Without A Truce, Strikes Resume In Gaza

Their hopes for peace dashed, Palestinians in Gaza are returning to UN shelters — despite the discomfort and uncertain safety — as fighting between Hamas and Israel resumes.

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LOURDES GARCIA-NAVARRO, HOST:

This is WEEKEND EDITION from NPR News. I'm Lourdes Garcia-Navarro. Scott Simon is away this week. Hopes for a resolution to the month-long conflict between Israel and Hamas are evaporating. A cease-fire ended yesterday. Since then, Hamas has fired dozens of rockets into Israel, which has responded with airstrikes. At least 10 people have been killed in Gaza since fighting resumed - one, a 10-year-old boy. NPR's Alice Fordham reports that people who had gone home are now fleeing back to U.N. shelters.

ALICE FORDHAM, BYLINE: The courtyard of this UNRWA school is full of activity, kids running around. There's a woman washing dishes, resting her pot on a desk. There's a baby swinging on a swing in a classroom. There's laundry hanging everywhere. But people here are saying that a couple days ago, when the cease-fire was underway, this place was empty.

MAHMOUD AL MASHARAWI: (Speaking Arabic).

FORDHAM: But everyone came back, says Mahmoud al Masharawi, who's here in the Gaza Preparatory School B with more than 40 members of his extended family. When the cease-fire began Tuesday, they walked back to their damaged houses an hour and a half away, found shelter and began searching the rubble for photos of a brother they'd lost in the month-long conflict here. But as peace talks in Cairo fell apart and Hamas vowed to resume fighting, they walked right back. I ask how safe it is here.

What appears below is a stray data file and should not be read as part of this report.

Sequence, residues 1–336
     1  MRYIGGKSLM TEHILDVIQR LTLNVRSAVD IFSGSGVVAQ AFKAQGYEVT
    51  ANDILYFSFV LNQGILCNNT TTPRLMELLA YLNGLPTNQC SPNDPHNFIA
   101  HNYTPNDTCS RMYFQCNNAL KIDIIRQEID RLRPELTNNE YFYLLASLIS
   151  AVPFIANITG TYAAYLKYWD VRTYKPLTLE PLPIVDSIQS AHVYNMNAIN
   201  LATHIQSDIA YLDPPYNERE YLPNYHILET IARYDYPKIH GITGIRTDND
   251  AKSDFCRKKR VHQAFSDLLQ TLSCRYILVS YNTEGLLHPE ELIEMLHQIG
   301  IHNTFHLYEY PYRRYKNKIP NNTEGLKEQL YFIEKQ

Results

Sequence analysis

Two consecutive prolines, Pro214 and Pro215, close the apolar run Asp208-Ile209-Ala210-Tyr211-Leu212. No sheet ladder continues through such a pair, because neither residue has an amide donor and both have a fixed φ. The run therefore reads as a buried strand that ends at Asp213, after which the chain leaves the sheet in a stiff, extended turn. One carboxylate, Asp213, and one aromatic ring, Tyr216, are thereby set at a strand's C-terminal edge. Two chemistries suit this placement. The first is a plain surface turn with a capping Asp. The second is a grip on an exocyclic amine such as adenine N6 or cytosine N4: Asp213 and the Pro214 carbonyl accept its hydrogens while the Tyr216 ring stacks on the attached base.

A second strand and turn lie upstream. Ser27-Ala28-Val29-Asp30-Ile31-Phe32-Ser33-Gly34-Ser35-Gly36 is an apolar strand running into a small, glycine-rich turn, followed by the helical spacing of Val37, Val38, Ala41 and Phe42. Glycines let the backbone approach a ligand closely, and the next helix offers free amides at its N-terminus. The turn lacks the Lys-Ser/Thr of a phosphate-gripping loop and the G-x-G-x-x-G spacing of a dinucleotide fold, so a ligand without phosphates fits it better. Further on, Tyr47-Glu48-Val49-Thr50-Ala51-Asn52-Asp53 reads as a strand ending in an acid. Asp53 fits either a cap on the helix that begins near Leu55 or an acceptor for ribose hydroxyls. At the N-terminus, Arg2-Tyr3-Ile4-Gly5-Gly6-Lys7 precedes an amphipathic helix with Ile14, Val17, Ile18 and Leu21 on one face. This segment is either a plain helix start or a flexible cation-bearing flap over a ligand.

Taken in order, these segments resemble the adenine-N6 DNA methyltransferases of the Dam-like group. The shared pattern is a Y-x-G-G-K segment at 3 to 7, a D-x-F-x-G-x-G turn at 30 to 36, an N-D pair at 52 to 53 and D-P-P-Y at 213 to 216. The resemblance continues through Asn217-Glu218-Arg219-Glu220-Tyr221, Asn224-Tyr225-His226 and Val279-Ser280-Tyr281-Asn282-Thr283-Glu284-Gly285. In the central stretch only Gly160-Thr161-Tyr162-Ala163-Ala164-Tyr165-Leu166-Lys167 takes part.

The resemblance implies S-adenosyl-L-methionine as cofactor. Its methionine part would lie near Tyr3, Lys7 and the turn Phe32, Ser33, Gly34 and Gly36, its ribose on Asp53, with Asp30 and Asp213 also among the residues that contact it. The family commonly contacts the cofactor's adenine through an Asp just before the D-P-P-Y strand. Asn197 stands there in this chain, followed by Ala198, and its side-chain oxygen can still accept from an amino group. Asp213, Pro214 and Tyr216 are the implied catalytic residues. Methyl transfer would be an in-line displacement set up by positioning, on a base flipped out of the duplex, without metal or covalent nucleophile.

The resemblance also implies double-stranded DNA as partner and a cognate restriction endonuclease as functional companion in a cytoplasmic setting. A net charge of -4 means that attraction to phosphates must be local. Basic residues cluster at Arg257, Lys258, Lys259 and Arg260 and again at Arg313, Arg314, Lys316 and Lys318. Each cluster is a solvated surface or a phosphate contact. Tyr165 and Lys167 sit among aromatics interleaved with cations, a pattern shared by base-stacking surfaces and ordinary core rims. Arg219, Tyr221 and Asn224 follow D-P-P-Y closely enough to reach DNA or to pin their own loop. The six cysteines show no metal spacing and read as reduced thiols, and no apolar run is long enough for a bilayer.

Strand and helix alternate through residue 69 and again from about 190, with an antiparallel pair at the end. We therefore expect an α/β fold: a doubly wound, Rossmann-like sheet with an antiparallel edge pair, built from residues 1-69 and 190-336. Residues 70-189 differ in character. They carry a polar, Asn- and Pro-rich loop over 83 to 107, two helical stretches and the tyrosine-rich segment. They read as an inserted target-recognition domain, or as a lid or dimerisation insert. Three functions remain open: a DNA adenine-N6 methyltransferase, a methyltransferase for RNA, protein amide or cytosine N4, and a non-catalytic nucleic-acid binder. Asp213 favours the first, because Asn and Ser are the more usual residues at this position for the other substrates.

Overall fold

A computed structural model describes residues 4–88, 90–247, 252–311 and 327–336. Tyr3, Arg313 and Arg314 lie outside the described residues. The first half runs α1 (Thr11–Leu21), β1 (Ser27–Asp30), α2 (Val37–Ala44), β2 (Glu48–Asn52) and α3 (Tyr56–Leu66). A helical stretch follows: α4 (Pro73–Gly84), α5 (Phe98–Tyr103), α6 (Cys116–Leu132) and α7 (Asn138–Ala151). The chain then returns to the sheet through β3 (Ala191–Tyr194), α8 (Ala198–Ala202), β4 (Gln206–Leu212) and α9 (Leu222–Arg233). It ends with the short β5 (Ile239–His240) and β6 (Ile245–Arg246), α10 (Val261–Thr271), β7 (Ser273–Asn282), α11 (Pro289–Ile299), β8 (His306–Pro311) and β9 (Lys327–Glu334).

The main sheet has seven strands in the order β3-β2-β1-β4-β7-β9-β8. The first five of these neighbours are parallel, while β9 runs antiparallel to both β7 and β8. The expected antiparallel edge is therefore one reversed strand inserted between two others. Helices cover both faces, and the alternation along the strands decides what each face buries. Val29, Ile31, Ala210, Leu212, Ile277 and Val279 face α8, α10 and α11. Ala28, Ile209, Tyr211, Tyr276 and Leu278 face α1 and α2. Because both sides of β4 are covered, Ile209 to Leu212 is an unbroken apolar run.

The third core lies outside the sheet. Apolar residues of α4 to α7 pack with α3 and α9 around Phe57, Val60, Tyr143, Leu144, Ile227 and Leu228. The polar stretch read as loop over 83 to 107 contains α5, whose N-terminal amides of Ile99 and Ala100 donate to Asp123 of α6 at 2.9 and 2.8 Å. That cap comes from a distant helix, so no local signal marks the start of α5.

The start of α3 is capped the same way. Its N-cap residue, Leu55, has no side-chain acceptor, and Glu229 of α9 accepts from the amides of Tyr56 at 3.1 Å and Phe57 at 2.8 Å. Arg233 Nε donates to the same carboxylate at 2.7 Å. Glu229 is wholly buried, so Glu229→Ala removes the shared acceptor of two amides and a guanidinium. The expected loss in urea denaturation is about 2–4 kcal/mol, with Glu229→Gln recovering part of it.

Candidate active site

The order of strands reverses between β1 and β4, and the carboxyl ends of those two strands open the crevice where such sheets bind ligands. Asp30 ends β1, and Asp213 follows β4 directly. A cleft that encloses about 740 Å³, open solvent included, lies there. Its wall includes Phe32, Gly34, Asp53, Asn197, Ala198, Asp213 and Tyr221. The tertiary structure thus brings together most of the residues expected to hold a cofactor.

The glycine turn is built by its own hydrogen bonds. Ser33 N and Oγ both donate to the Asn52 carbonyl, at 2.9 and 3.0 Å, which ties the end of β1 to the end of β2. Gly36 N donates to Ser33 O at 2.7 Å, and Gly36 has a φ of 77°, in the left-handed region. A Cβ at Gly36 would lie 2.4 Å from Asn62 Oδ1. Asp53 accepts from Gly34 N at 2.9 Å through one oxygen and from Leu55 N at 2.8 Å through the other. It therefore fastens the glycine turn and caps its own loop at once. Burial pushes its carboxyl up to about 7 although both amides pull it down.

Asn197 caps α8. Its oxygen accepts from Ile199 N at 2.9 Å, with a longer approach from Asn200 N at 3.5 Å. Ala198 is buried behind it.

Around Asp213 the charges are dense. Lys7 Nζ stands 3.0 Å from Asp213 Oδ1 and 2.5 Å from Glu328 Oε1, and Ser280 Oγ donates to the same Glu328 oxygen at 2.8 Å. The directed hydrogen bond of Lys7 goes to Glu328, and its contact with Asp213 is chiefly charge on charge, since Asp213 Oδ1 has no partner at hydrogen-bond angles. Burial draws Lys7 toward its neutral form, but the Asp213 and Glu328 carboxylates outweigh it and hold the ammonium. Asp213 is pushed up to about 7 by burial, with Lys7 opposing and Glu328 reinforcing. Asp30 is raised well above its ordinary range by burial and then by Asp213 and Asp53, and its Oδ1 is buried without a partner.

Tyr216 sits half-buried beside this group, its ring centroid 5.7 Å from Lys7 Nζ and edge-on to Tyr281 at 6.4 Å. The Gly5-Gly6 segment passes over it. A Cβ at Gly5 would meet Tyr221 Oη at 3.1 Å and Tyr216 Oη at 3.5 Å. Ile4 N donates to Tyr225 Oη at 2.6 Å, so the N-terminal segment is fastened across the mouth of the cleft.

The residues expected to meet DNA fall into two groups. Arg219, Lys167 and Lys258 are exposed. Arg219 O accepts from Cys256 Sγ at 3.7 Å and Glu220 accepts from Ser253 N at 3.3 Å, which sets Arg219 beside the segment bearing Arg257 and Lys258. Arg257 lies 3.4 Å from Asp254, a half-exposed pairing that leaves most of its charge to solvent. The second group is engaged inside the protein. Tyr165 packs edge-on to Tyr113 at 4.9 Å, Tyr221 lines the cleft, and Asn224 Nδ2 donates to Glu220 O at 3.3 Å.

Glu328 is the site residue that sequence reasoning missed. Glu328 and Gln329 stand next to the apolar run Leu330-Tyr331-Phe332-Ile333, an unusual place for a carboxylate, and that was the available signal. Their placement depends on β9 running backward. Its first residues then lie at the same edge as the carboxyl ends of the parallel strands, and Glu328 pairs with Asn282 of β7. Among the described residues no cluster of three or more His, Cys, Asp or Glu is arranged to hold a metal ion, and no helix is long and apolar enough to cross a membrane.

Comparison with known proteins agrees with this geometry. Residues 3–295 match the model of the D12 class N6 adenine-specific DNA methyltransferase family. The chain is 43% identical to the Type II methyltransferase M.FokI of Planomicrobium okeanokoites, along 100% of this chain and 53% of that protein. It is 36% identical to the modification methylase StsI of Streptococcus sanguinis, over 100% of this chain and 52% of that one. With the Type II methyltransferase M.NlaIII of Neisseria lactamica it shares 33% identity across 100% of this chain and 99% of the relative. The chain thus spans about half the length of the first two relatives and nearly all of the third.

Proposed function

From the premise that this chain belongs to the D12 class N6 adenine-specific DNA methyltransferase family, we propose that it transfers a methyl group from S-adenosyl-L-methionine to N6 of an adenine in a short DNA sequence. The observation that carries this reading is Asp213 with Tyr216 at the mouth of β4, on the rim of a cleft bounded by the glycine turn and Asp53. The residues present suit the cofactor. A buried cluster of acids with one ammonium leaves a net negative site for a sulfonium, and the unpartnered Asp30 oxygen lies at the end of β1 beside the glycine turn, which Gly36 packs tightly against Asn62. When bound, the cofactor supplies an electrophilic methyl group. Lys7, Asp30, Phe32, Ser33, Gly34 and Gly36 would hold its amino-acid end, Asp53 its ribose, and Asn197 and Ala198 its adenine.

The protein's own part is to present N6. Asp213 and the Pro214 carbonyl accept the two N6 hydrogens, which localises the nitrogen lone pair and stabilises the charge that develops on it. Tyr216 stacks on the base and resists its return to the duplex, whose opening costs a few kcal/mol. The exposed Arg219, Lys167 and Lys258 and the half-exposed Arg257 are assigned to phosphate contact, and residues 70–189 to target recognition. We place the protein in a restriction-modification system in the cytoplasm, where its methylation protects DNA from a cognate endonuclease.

AL MASHARAWI: (Speaking Arabic).

FORDHAM: Masharawi says after the Israelis hit schools in the areas of Beit Hanoun in the north of Gaza and Rafah City in the south, he doesn't feel safe anywhere here.

AL MASHARAWI: (Speaking Arabic).

FORDHAM: As he speaks, the boom of a distant airstrike - it's safer here, he says. Israel says it targets only Hamas operatives and infrastructure and that the militants deliberately fire missiles from civilian buildings. As children kick a ball outside, I meet the U.N. worker running the school while it serves as a shelter.

ABU JALAL: (Speaking Arabic).

FORDHAM: He asks to be known only as Abu Jalal because he's not officially allowed to talk to media.

JALAL: (Speaking Arabic).

FORDHAM: He says people have brought back supplies from their houses - mattresses, clothes. They expect to stay a while. The Israeli delegation has left the negotiations in Egypt for now, although the Palestinian delegation says it's still talking to the Egyptian mediators. But no one seems to be in a hurry. U.N. figures suggest that of 10,000 Gazans who left their shelters under the cease-fire, most have now come back. I walk around the rest of the school, past children boiling water on a makeshift fire in an old tin can, and meet Nada Nassar, a pretty woman in a dark red headscarf. She's 45 with eight children to worry about and an 80-year-old mother who sits at her feet wearing the only dress she has left.

NADA NASSAR: (Speaking Arabic).

FORDHAM: Nada didn't go home when last week's three-day cease-fire began. I had to drag my mother into a taxi to get her here, she says. I'm not going to do it again, so we're going to wait.

NASSAR: (Speaking Arabic).

FORDHAM: I'm waiting for a final agreement, she says. When there's an agreement, I'll go back to my place - but just for a cease-fire? No. Alice Fordham. NPR News, Gaza.

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